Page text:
So What’s Up, With Upper Grow Avenue Traffic Calming and other Island Infrastructure Efforts?

If you’ve driven your car or walked or biked on upper Grow Avenue in the past few weeks, you’ve no doubt noticed the strange-looking bollards that are fastened to the street in five different places. On two streets: Island and Wallace, mini roundabouts have been installed. The Grow project and others going on around the island are part of a broader effort by the City of Bainbridge Island and the State to calm traffic or redirect it.

But not all is going exactly according to plan. In a recent newsletter, City Manager Blair King acknowledged as much. As he noted, “The phrase ‘it seemed like a good idea at the time,’ usually proceeds the phrase, ‘how did that happen.’ When these phrases are uttered, usually something could have gone better. At any given time, City staff implement dozens of programs and policies directed by the City Council. We strive for perfection but sometimes fall short, and the community normally lets us know. This (past) week several examples come to mind.”

Residents of Grow Avenue has expressed concern that speeds were “unacceptably too high and requested engineering solutions to slow, or calm, the speeds,” King said. “Several community members approached City staff and proposed ideas for slowing traffic via traffic circles (like mini roundabouts) and ‘lane diets,’ making travel lanes narrower. The traffic engineers reviewed proposals and concluded there was a workable and cost-effective solution.”

“In concert with the Bundled Madison Avenue Project, the Grow Avenue traffic calming solutions were installed. Not everyone is pleased with the solutions and have expressed concerns that, without adequate shoulders or sidewalks on Grow Avenue, cyclists are now required to ride in the middle of the street. Some cyclists do not feel safe. The improvements on Grow have yet to be completed,” King noted. “The plan is to complete the improvements and closely monitor vehicles and pedestrian use to see if further modifications are required.”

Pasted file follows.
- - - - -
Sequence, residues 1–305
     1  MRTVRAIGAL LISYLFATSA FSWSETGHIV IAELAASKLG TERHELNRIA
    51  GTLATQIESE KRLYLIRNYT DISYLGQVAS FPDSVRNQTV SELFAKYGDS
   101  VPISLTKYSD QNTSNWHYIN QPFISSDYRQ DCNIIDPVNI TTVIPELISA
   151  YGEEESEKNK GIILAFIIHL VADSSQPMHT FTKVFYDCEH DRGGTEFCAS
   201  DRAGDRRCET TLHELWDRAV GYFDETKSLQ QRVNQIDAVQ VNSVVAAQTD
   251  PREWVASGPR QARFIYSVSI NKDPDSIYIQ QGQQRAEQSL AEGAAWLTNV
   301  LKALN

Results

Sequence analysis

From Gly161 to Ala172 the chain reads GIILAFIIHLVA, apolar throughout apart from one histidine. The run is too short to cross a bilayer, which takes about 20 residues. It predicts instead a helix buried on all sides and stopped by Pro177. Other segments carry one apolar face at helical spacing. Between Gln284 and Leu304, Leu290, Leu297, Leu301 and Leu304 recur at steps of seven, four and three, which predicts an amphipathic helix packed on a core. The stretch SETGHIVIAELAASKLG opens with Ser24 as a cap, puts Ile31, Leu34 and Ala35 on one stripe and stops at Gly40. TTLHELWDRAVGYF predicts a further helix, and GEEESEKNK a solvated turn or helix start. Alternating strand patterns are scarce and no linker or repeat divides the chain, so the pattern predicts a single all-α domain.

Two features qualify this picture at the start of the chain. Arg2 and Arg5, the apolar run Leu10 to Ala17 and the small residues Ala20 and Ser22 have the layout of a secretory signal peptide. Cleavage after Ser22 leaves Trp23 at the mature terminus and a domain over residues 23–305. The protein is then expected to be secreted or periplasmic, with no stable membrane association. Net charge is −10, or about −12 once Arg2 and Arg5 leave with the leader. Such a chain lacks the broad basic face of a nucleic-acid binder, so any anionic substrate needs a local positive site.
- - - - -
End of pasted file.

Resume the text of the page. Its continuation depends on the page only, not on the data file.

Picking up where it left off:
A second project that initially doesn’t seem ideal is the Washington State Department of Transportation’s (WSDOT) modifications to the intersection of State Route 305 and Winslow Way, King said.

This is not a City project, but nevertheless, City officials have heard concerns from the community. Washington State Ferries, a division of WSDOT, has recently enhanced their communication with the City, a welcomed development for which we are grateful. “With this improved communication, it is hoped that WSDOT will listen to the community’s concerns and implement necessary adjustments.”

Another traffic issue of concern, King explained, is the City Council’s approved raising of Traffic Impact Fees in early 2023 to pay for new non-motorized improvements. With the rollout of the Traffic Impact Fee program, “certain businesses and commercial developers feel the fees required for specific business types are unfair,” King said. “The amount per business type is determined by a table prepared by the Institute of Transportation Engineers based on national data. Even when using the best data and science available, some of the fee amounts seem excessive.”

At a recent City Council meeting, the Council asked its staff to explore options to reduce the fee for projects that use existing, previously occupied buildings and don’t involve new development. The Council will consider this option within the next several months.

Meantime, perhaps a more pressing issue is where will people sit along Madison Avenue to watch the Grand Old Fourth of July Parade? King said sidewalks on both sides of Madison will be open for pedestrian travel and parade watching fun.

“Our contractor will be finishing up sidewalk and ramp pouring along the east side of Madison Avenue which will be completed (this) week< King assured. “A gravel strip will remain (for now) between the recently poured curb and the sidewalk. The gravel strip will be the future paved bike lane. Paving operations will not begin again until after the July 4 celebration.”

“Madison will be open to bi-direction traffic (two lanes) by July 4 and, the contractor will be moving up to Madison north of High School Road to continue storm drain work to limit interference with parade activities and setup.”

“Not everything goes as planned the first time,” King added, “but it does not mean we can’t make changes and adjust along the way.”

Source Materials and photos: From the City of Bainbridge Island.

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